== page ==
Global financial crisis
Until a few years ago, the international investment bank Lehman Brothers had $ 691 billion in assets and employed 26,000 people. But the bank owed its success to high-risk loans, and 2008 went wrong. The financial giant went bankrupt, and a global economic crisis was the result. European pension funds lost billions of euros. Lehman Brothers were the largest, but by no means the only, bank to collapse during this crisis, and its effects are still felt today.

How GDP is Computed?How GDP is Computed?

GDP or Gross Domestic Product is simply the total market or monetary value of all services like private schools debt collection, cleaning companies, contracting etc. and finished goods such as consumer electronics, automobile, textile and more that are produced within the country in a given period. GDP serves as a comprehensive tool for assessing the current economic health of a country.

Despite the fact that GDP is usually computed yearly, sometimes it is calculated every 3 months or per quarter. In United States for instance, the US government is releasing their annual GDP estimate for every fiscal quarter and also, for calendar year. The data presented in the report includes real-time information. In US, it is the Bureau of Economic Analysis or BEA that is tasked to compute the GDP. They do this by utilizing data ascertained via surveys of builders, retailers, manufacturers and also, by reading trade flows.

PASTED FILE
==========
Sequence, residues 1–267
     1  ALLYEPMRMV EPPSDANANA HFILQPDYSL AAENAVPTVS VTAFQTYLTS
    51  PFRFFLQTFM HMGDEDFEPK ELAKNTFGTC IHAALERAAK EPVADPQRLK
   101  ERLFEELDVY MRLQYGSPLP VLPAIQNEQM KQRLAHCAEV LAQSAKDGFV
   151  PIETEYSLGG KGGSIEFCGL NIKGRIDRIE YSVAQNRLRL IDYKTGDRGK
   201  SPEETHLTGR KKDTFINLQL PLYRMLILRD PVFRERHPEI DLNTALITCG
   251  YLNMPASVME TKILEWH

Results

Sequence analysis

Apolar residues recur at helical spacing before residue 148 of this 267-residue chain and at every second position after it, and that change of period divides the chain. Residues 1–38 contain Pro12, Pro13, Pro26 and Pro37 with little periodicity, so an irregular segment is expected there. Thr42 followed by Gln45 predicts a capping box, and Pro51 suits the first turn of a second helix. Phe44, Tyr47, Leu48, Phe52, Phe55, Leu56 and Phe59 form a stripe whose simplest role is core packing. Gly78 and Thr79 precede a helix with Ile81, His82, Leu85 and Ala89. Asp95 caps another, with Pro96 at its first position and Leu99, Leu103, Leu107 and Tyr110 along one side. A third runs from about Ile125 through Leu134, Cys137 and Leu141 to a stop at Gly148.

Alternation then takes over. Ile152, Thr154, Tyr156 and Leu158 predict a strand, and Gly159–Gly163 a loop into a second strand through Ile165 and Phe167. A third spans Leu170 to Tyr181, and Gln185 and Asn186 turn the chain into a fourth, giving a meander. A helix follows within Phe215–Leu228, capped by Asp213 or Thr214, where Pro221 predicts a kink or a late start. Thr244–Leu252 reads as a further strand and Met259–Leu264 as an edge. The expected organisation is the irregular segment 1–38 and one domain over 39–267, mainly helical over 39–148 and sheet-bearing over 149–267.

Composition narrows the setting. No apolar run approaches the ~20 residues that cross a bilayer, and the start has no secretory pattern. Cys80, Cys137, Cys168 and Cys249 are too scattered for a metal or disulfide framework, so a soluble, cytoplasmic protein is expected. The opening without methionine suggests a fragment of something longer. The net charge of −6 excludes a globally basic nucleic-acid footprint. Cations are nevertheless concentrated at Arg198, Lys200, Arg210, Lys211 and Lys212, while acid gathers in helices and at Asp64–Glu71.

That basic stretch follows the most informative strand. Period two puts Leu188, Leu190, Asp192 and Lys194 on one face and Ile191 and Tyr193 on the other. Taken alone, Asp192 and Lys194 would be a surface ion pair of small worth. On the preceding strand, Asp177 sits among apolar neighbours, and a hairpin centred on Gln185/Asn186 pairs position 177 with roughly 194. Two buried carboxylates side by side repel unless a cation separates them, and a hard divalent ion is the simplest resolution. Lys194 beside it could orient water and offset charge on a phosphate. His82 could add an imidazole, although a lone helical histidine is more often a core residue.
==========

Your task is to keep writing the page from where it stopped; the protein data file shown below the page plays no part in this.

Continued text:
Biggest Contributor in GDP Calculation

Computing the GDP of a country is encompassing all public and private consumption, investments, government outlays, paid-in construction costs, addition to private inventories, foreign balance of trade and everything in between.

Out of all elements that compose the GDP of a country, foreign balance of trade is the most important. Country’s GDP has the tendency to increase when its overall value of services and goods that domestic producers sell in other countries have exceeded the total value of the foreign services and goods that its domestic consumers are buying.

When such thing happens, the country then have surplus in trade. Now, assuming that what happened is the opposite where the amount that the domestic consumers are spending on foreign products are larger than total sum of the domestic producers can sell to its foreign consumers, then this is referred to as trade deficit. In such cases, the GDP of the country is more likely to drop.

Variations in Calculating GDP

There are many other ways of computing the GDP and some of it are:

Nominal GPD – this is evaluated at the current price of the market either local or international. This is done using the currency market exchange rate to be able to compare the GDP of the country primarily in terms of financial terms.

Purchasing Power Parity – short for PPP and is measured in international dollars. With this method, it is used to adjust the differences both in costs of living and local prices to be able ot make cross-country comparisons of real income, living standards and real output.